Today was International Day of Persons With Disabilities and in honour of that staff at Pulford attended an event at the Canadian Museum of Human Rights hosted by Abilities Manitoba. The event featured some key speakers who have been apart of the battle for the advancement of the rights for disabled Manitobans.
Beginning with Jim Derksen and Yvonne Peters who spoke about the role they both played in making sure that people all over the country with disabilities would be protected under the Canadian Charter of Rights and Freedoms. Yvonne spoke about how people with disabilities were not covered in the original draft of the Charter before it was adopted in 1982. She said that it was only through strong advocacy that it was amended to include those protections.
Dale Kendel spoke about the landmark Vulnerable Persons Act of 1996 which gave agency to people with disabilities so that they could make their own choices. Before the Act persons with disabilities could not legally make decisions about their own lives and now, thanks to the Act, they have the same capacity as any other citizen in Manitoba. Dale also asked for a provincial review of this act so that it can be updated to meet new standards.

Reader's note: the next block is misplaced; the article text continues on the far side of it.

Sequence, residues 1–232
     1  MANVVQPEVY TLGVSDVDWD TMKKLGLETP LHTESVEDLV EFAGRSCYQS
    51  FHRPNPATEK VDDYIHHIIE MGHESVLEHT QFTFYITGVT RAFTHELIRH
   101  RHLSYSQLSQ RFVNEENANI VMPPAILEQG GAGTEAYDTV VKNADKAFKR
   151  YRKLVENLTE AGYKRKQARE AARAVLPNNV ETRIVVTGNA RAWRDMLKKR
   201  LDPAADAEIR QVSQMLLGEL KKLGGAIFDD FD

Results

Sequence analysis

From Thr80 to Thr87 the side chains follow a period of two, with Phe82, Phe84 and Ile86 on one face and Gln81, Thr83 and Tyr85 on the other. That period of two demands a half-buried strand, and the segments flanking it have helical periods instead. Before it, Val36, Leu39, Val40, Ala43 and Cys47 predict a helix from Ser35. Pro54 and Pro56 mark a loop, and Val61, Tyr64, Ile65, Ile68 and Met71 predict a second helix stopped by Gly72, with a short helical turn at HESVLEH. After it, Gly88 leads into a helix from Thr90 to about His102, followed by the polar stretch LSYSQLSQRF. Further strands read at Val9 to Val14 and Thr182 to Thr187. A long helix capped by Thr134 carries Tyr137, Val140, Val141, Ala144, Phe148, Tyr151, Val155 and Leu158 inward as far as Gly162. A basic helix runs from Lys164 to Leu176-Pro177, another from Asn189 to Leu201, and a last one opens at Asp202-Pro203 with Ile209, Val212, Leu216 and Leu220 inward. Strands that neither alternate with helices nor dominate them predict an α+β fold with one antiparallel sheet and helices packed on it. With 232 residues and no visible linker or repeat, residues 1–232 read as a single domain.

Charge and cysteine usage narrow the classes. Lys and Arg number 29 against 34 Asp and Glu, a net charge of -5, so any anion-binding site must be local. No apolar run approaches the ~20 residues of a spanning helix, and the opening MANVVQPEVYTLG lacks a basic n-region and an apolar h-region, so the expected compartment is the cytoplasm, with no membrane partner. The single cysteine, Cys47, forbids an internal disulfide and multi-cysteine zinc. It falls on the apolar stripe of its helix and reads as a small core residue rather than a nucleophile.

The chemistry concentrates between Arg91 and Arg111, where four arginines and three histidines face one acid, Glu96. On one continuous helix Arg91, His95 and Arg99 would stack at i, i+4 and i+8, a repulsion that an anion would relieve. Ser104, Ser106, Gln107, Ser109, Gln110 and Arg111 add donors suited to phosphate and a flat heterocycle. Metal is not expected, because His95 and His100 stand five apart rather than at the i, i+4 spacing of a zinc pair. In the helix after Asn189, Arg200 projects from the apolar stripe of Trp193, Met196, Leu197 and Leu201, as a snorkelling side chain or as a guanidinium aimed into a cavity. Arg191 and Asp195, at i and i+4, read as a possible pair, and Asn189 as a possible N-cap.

Lastly the newest piece of Legislation that provides new opportunities and opens new doors for people with disabilities. The Accessibility for Manitobans Act is the most important human rights legislation adopted in Manitoba in more than a decade as it works to tear down the barriers that keep people with disabilities from working, living and playing in the same spaces those without disabilities do. On Nov. 1 of this year the Accessibility Standard for Customer Service came into effect which is only the first of five standards to be introduced. The full implementation of the Act is supposed to be detailed and in place by 2023 so there is still a lot of work left to do.
It is important to remember that while progress and meaningful change feel slow that the world is changing and we are making a difference.